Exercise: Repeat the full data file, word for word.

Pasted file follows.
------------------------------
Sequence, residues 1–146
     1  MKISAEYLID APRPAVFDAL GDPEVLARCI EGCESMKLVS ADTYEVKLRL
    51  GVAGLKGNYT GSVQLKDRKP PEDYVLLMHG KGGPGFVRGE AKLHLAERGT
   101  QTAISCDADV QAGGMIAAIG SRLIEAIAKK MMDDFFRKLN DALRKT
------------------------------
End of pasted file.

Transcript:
Sequence, residues 1–146
     1  MKISAEYLID APRPAVFDAL GDPEVLARCI EGCESMKLVS ADTYEVKLRL
    51  GVAGLKGNYT GSVQLKDRKP PEDYVLLMHG KGGPGFVRGE AKLHLAERGT
   101  QTAISCDADV QAGGMIAAIG SRLIEAIAKK MMDDFFRKLN DALRKT